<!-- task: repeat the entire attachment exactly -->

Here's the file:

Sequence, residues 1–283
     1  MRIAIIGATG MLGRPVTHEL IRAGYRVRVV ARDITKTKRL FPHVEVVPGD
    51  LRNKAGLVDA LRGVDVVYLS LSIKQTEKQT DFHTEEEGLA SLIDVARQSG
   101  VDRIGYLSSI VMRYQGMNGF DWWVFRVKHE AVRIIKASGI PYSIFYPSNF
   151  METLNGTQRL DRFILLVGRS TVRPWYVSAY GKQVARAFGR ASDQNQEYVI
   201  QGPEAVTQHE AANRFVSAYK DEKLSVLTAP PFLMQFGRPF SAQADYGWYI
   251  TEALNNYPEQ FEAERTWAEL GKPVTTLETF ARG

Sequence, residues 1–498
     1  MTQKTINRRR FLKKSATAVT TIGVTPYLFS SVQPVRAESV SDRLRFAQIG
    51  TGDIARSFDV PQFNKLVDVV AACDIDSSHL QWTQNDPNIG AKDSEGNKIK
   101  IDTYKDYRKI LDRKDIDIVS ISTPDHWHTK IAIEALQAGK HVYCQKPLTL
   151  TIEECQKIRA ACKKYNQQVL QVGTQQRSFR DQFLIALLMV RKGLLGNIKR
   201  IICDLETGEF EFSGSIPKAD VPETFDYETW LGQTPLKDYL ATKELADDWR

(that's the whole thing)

Sequence, residues 1–283
     1  MRIAIIGATG MLGRPVTHEL IRAGYRVRVV ARDITKTKRL FPHVEVVPGD
    51  LRNKAGLVDA LRGVDVVYLS LSIKQTEKQT DFHTEEEGLA SLIDVARQSG
   101  VDRIGYLSSI VMRYQGMNGF DWWVFRVKHE AVRIIKASGI PYSIFYPSNF
   151  METLNGTQRL DRFILLVGRS TVRPWYVSAY GKQVARAFGR ASDQNQEYVI
   201  QGPEAVTQHE AANRFVSAYK DEKLSVLTAP PFLMQFGRPF SAQADYGWYI
   251  TEALNNYPEQ FEAERTWAEL GKPVTTLETF ARG

Sequence, residues 1–498
     1  MTQKTINRRR FLKKSATAVT TIGVTPYLFS SVQPVRAESV SDRLRFAQIG
    51  TGDIARSFDV PQFNKLVDVV AACDIDSSHL QWTQNDPNIG AKDSEGNKIK
   101  IDTYKDYRKI LDRKDIDIVS ISTPDHWHTK IAIEALQAGK HVYCQKPLTL
   151  TIEECQKIRA ACKKYNQQVL QVGTQQRSFR DQFLIALLMV RKGLLGNIKR
   201  IICDLETGEF EFSGSIPKAD VPETFDYETW LGQTPLKDYL ATKELADDWR